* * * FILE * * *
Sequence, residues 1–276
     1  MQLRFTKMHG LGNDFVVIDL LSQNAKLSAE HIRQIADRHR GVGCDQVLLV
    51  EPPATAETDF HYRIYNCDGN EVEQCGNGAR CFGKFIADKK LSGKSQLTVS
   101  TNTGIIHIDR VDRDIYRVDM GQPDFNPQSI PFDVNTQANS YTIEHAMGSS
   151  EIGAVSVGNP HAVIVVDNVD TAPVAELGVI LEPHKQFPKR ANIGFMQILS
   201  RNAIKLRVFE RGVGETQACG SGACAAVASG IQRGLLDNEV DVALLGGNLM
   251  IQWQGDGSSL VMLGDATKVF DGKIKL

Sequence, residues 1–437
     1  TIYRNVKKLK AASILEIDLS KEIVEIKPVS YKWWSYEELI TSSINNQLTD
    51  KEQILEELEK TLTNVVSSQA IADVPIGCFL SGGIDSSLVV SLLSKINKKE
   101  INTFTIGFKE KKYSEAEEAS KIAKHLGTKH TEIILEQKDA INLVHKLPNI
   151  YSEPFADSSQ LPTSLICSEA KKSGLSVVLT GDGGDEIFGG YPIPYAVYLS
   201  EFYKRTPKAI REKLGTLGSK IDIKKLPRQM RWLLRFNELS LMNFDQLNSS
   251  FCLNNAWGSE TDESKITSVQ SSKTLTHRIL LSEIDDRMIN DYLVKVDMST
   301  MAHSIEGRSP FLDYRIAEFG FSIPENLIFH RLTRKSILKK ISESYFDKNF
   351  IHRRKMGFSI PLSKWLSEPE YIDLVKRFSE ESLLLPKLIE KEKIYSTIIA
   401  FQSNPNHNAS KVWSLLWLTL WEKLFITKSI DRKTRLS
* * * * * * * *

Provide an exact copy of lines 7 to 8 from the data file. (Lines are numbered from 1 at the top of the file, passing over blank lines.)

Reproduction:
   251  IQWQGDGSSL VMLGDATKVF DGKIKL

Sequence, residues 1–437